Cabinet took an important step this week in giving the green light to a dramatic expansion of our islands’ marine parks.
In so doing, they signalled their intent to protect and preserve our unique natural resources for future generations. Now, it is time to follow through.
With Cabinet’s blessing in hand, legislative drafters will craft regulations that, if adopted, followed and enforced, could significantly increase the protection of our wildlife populations and irreplaceable coral reefs.
The new regulations will prohibit fishing from approximately 48 percent of our coastal waters, up from about 14 percent today. It will expand no-dive zones off Grand Cayman and establish them off the Sister Islands for the first time. These changes are the culmination of the Department of Environment’s extensive research and consultation with community members and research partners. It has taken years to reach this point.
But the work is far from over. The success of these enhanced protections is dependent upon swift enactment, extensive education and robust enforcement. We urge government to waste no time in completing this important endeavour and urge the public to learn and comply with the new restrictions as soon as they are adopted.
We understand there will be adjustments. In the short term, divers and anglers may be disappointed to find they can no longer frequent some previously favourite spots. But the long-term benefits to our islands’ ecosystem and our economy far outweigh these near-term inconveniences. These small sacrifices will add up to an infinitely greater good.
It is no secret that there are those on our islands who make a habit of flouting fishing, wildlife and diving restrictions. Perhaps they feel above the law. Perhaps it is only to be expected, given the sheer volume of commercial and recreational traffic our seas support.
The DoE has made a good start at efforts to educate the public about marine protections and the reasoning behind them. A mobile application to help boaters find their location in territorial waters, and access the rules and regulations that apply there, will be an invaluable tool. The department also says they are stepping up enforcement against violators — a task that will, in some ways, be made easier once the new regulations are in place. But in the end, it will be up to all of us to know and respect the rules.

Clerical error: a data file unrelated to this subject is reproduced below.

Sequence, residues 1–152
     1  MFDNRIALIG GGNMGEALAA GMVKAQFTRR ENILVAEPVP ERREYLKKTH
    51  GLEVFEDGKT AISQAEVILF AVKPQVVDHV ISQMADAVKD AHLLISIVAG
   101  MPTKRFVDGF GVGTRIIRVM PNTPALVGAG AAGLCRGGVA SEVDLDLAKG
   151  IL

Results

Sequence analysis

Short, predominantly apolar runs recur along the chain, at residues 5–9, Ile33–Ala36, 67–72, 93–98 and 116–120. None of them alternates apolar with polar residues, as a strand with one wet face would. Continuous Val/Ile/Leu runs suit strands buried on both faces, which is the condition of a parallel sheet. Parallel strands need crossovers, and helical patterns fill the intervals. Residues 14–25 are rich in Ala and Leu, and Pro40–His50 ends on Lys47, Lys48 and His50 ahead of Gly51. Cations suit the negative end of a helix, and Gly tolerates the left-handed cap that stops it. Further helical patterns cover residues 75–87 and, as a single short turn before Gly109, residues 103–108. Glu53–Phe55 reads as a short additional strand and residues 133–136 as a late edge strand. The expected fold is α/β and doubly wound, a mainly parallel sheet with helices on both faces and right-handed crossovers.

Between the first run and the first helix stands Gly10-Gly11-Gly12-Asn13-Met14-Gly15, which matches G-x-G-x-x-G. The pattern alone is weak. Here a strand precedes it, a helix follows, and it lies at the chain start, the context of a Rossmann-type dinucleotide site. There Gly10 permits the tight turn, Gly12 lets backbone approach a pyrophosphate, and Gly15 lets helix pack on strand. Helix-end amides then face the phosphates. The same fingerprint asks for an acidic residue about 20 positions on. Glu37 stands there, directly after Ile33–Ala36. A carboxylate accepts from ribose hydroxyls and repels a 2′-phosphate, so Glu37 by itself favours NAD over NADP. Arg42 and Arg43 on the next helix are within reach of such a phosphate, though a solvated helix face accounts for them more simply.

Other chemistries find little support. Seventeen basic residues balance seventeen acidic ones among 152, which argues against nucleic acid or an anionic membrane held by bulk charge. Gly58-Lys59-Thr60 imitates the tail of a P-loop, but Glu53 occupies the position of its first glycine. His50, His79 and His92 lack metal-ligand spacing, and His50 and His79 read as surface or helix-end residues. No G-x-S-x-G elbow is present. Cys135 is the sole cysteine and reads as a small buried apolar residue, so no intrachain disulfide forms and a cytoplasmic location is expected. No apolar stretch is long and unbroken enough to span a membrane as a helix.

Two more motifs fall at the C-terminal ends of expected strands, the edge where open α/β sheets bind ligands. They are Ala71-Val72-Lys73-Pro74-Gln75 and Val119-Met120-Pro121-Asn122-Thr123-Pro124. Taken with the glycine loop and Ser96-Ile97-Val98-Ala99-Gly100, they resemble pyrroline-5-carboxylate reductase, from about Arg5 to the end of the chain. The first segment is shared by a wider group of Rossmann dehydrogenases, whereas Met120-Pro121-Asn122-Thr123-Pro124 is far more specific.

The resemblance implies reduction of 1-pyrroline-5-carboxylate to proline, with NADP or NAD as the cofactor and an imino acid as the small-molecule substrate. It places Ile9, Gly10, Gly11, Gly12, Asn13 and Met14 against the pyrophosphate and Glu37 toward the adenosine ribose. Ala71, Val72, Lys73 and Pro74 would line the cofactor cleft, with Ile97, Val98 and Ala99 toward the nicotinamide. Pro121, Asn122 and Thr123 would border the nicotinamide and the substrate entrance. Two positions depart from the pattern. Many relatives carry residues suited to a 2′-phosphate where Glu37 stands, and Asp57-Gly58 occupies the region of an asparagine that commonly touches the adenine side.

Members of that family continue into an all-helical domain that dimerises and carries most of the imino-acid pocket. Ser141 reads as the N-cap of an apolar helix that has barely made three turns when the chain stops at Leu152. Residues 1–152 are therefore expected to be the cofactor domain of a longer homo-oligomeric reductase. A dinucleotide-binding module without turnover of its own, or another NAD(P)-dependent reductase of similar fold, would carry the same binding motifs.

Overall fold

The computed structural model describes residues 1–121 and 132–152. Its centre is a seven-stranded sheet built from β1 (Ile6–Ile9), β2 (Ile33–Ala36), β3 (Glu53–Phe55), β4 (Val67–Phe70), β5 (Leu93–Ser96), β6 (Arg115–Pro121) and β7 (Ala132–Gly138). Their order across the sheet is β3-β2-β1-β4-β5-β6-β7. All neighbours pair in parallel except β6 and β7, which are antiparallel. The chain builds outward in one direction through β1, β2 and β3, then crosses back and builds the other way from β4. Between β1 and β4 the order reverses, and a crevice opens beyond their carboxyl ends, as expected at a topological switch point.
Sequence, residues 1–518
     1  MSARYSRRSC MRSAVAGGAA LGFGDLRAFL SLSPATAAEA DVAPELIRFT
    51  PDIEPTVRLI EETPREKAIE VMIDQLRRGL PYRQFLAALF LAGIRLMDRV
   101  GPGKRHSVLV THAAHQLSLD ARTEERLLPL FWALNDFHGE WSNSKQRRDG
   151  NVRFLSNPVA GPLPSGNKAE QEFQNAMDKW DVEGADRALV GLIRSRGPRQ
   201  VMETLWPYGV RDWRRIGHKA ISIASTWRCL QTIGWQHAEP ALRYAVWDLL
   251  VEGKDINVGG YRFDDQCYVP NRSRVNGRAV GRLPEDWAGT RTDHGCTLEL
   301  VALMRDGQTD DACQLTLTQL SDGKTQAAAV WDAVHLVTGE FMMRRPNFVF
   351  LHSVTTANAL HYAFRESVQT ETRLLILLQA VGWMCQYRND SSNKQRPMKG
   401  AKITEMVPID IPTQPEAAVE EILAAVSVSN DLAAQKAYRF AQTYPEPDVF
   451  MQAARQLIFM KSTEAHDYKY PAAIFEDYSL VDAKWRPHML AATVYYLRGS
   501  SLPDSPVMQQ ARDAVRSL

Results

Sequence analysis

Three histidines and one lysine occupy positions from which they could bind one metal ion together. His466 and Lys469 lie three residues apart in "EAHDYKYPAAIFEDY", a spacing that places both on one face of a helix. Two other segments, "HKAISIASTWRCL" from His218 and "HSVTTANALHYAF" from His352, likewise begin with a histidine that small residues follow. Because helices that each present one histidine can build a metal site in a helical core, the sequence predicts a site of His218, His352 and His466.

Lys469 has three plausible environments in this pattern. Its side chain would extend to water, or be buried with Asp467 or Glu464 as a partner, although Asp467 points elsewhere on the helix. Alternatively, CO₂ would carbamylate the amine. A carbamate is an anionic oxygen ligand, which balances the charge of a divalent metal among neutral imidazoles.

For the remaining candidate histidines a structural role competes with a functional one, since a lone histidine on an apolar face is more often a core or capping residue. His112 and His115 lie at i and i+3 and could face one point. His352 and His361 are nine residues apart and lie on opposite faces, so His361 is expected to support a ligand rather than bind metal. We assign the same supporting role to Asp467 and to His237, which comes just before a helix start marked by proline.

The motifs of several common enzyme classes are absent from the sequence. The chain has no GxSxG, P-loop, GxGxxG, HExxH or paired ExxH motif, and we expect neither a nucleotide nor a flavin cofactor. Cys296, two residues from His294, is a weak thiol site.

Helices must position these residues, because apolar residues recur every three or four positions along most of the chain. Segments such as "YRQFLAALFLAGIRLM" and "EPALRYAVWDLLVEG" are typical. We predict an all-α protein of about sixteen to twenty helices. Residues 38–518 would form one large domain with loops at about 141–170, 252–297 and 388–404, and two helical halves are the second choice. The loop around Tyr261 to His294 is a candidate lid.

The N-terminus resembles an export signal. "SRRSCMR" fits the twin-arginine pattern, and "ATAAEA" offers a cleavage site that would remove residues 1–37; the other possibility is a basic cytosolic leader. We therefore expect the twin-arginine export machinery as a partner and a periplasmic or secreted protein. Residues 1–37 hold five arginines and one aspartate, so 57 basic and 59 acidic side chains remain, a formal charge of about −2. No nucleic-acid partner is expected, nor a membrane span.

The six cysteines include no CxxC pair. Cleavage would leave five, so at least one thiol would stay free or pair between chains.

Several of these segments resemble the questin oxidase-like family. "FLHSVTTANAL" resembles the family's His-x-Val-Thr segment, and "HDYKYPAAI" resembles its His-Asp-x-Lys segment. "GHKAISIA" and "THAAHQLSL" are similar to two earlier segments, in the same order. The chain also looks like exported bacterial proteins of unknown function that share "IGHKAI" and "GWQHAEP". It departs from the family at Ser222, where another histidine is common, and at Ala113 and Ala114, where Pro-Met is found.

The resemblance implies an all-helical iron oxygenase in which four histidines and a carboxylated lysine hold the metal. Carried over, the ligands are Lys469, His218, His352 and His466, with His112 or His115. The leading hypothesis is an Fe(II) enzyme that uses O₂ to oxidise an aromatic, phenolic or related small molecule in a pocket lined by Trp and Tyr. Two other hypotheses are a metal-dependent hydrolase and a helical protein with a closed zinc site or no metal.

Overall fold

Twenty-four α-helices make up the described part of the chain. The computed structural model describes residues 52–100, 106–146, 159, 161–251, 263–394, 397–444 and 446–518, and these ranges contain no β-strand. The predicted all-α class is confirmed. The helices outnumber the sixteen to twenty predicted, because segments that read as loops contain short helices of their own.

As Prince Charles, who praised the marine park expansion during his recent visit, noted in his farewell speech at Pedro St. James, “the Cayman Islands could become a shining example of best practice in integrated and genuinely sustainable management of its land-based and ocean resources”.
With foresight and a willingness to innovate our islands could, as His Royal Highness said, “become a beacon for the Commonwealth to help lead the world and indeed the whole of nature out of this appalling crisis of our own making”.
That is a worthy goal, and one that would require a strong commitment to finding a sustainable balance between our present and future enjoyment of the sea’s once-abundant resources — a stronger commitment than we have previously been able to achieve.
That balance cannot be struck on paper, but must be forged in practice.